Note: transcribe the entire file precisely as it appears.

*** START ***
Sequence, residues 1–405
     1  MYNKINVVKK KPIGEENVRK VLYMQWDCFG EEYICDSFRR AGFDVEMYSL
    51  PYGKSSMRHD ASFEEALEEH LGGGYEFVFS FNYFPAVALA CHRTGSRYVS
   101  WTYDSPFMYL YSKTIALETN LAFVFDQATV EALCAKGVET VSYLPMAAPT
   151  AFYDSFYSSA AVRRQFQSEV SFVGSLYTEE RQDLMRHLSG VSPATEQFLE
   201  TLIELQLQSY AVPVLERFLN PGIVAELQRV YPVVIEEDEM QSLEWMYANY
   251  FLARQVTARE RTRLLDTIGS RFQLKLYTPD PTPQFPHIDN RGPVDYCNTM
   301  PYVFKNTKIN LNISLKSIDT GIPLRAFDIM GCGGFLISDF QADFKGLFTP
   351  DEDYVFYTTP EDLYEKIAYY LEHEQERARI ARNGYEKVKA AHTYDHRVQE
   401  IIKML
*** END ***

Sequence, residues 1–405
     1  MYNKINVVKK KPIGEENVRK VLYMQWDCFG EEYICDSFRR AGFDVEMYSL
    51  PYGKSSMRHD ASFEEALEEH LGGGYEFVFS FNYFPAVALA CHRTGSRYVS
   101  WTYDSPFMYL YSKTIALETN LAFVFDQATV EALCAKGVET VSYLPMAAPT
   151  AFYDSFYSSA AVRRQFQSEV SFVGSLYTEE RQDLMRHLSG VSPATEQFLE
   201  TLIELQLQSY AVPVLERFLN PGIVAELQRV YPVVIEEDEM QSLEWMYANY
   251  FLARQVTARE RTRLLDTIGS RFQLKLYTPD PTPQFPHIDN RGPVDYCNTM
   301  PYVFKNTKIN LNISLKSIDT GIPLRAFDIM GCGGFLISDF QADFKGLFTP
   351  DEDYVFYTTP EDLYEKIAYY LEHEQERARI ARNGYEKVKA AHTYDHRVQE
   401  IIKML